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DUI Legal Process in North Dakota

After an officer takes away the driver’s license and issues a temporary license, the driver is entitled to request an administrative hearing regarding the revocation/suspension.  This hearing is limited to issues regarding the issuing of the license.

The first step in the criminal process is the arraignment.  At the arraignment, the court will formally read the misdemeanor/felony charges against the driver.  The driver will then enter into a plea (guilty, not guilty, or no contest).

If the defendant is being charged with a felony, there will be a preliminary examination to determine whether there is probable cause that the defendant committed the crime to continue the trial.  At this hearing, the prosecutor will present witnesses and evidence to support its case.  The defendant can refute the charges with witnesses or evidence of his/her own.  If the court concludes that there is enough evidence to proceed, then the driver must plead guilty or continue onto trial.  In misdemeanor cases, the court will usually not conduct a preliminary hearing and instead the judge will determine whether or not probable cause exists on his/her own.

At trial, the defendant has a choice between a bench trial (in front of only a judge) or a jury trial.   If the defendant chooses a jury trial, then there must be jury selection.  Misdemeanor cases are heard by 6 jurors.  However, for class A misdemeanors, the defendant may request a jury of 12.  All felonies are tried by 12 jurors.  Once the jury is chosen and sworn in, both sides will give opening statements to lay out their cases.  The prosecution will present its witnesses and evidence first, then the defense may present any of its own witnesses or evidence.  Each side may cross-examine their opposing side’s witnesses.  The trial will conclude with closing statements, and then the jury will deliberate.  In order to reach a verdict, the jurors must agree unanimously.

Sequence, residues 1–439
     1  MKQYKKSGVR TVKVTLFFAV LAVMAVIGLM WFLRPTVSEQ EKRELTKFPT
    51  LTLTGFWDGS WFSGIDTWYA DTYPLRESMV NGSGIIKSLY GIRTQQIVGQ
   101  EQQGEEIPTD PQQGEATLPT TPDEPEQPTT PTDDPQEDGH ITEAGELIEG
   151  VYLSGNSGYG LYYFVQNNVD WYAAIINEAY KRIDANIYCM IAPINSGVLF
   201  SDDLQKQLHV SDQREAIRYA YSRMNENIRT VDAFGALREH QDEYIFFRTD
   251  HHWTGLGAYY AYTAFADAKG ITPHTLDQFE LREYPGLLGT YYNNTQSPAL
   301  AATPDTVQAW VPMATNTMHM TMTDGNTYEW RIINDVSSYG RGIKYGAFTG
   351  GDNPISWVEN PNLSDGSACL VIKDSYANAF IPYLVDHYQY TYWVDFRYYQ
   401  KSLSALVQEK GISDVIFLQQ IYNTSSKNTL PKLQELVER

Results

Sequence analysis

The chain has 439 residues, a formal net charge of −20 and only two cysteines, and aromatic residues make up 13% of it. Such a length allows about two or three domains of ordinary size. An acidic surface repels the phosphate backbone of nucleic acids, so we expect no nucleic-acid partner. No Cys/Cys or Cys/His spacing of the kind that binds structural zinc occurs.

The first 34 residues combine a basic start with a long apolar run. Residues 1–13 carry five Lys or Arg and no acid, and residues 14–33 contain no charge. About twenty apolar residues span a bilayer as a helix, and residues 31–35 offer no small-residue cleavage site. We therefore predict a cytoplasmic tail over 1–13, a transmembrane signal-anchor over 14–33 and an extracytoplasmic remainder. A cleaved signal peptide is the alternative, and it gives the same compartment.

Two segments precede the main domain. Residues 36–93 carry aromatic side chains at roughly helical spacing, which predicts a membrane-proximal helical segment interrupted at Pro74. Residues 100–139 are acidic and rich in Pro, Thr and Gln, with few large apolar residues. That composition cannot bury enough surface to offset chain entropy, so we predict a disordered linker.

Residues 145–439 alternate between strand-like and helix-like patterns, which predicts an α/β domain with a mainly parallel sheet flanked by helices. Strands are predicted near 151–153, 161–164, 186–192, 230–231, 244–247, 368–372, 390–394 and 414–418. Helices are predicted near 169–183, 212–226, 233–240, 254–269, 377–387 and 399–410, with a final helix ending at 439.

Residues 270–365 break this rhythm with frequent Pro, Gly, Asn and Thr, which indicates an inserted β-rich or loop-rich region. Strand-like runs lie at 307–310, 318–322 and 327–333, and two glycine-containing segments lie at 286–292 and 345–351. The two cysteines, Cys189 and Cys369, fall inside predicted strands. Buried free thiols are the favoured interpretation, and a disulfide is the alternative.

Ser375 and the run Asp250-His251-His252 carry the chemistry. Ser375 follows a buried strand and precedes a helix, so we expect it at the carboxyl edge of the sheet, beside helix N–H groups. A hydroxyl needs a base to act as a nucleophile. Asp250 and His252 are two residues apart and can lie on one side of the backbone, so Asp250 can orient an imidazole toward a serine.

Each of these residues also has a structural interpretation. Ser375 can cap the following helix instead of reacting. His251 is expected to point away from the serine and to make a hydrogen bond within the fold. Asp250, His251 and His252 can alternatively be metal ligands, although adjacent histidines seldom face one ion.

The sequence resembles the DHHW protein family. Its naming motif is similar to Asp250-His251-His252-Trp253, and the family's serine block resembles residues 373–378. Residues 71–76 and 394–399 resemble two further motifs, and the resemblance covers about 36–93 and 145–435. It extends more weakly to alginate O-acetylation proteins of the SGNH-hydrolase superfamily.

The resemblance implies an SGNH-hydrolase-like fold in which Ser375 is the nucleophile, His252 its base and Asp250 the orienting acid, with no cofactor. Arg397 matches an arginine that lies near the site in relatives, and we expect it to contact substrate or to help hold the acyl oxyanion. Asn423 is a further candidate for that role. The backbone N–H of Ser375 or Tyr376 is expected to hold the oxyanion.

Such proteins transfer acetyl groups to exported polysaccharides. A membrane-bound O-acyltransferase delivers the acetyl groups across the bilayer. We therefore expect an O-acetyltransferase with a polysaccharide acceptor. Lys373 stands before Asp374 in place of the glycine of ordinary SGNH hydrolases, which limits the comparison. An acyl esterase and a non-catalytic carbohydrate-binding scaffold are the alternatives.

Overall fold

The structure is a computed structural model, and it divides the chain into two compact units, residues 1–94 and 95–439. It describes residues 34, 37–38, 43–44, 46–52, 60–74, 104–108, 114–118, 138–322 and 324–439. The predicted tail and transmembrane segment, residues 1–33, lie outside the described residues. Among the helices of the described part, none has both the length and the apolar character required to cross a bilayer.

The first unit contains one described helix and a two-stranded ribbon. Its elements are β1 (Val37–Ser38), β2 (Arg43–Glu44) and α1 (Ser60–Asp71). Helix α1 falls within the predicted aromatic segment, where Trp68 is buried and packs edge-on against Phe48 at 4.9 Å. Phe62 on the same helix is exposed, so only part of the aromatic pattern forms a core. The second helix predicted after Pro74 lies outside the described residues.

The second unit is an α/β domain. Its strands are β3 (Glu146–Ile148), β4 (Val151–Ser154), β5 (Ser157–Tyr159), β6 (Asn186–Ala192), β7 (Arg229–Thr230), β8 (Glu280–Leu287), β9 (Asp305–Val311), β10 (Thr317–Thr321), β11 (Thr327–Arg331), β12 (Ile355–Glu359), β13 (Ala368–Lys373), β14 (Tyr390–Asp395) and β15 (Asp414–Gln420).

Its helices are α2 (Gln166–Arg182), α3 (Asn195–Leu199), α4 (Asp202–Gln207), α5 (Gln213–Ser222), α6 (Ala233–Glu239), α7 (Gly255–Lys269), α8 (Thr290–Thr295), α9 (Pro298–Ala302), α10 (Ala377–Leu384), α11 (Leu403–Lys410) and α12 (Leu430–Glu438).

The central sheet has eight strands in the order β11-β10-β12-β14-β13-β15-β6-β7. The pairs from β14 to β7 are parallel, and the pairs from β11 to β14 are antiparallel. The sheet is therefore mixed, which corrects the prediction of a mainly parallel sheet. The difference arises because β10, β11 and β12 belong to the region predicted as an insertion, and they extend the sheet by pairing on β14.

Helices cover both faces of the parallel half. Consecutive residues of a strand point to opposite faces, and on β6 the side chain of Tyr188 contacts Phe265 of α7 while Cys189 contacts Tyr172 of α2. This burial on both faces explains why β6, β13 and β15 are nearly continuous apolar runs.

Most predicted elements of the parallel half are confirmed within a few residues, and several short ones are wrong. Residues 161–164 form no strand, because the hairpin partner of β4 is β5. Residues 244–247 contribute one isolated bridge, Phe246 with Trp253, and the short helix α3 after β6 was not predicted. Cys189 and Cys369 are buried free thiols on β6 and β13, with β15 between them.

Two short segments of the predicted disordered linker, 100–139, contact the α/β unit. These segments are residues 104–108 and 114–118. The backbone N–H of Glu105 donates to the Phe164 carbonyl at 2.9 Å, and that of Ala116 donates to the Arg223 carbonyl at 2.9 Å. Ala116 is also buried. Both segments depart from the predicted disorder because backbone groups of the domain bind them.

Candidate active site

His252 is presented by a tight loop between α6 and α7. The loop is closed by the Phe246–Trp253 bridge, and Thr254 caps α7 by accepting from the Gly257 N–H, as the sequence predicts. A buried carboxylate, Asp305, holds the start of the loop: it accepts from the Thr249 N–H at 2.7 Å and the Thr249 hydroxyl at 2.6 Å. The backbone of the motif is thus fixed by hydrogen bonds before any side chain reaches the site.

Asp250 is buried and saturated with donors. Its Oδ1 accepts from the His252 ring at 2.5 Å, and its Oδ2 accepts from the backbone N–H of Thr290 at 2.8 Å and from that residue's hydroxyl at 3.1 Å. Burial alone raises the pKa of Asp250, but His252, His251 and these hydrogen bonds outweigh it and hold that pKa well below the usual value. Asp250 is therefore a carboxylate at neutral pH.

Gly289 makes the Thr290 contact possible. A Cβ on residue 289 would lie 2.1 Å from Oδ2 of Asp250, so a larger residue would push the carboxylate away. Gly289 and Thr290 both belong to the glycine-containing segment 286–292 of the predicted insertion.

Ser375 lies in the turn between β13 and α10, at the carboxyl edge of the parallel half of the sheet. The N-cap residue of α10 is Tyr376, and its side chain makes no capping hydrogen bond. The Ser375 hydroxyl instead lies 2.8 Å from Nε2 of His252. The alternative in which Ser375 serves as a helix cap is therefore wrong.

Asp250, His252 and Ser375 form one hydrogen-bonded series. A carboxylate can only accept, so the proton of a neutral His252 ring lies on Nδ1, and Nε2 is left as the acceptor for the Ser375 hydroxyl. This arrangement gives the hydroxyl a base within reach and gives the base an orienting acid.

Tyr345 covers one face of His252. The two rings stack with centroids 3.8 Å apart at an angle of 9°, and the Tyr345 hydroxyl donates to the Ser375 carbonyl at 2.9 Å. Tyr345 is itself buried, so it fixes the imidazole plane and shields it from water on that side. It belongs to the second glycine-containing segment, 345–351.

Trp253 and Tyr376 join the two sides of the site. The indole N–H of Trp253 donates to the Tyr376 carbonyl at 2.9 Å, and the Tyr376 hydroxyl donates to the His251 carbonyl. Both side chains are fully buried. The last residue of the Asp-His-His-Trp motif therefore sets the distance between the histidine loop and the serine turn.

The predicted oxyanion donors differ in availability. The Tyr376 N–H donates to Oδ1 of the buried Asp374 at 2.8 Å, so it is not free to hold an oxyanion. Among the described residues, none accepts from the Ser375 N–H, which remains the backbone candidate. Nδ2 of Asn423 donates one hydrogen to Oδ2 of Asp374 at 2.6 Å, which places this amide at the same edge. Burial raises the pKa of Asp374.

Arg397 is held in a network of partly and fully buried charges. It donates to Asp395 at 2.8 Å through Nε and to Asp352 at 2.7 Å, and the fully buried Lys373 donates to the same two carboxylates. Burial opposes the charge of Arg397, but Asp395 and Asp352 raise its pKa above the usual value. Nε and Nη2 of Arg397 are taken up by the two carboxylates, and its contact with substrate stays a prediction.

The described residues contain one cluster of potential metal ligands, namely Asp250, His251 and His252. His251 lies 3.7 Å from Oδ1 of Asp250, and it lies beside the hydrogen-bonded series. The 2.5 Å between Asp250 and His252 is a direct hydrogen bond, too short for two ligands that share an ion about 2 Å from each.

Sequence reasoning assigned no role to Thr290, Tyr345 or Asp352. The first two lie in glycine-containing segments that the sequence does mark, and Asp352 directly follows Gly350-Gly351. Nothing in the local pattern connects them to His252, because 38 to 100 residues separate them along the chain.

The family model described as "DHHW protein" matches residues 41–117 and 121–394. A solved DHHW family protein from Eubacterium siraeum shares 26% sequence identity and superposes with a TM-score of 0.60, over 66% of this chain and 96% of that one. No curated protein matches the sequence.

If a defendant is convicted, he may appeal to the next highest court as a matter of right.  On appeal, the appellate court generally will not review the facts but rather will look to see if there was any abuse in discretion or clear errors of the trial court.  The justices will uphold the conviction, reverse it, or remand it for retrial.  If the conviction is upheld, the defendant may try to appeal to the state supreme court.  However, the Supreme Court may choose not to hear the case.

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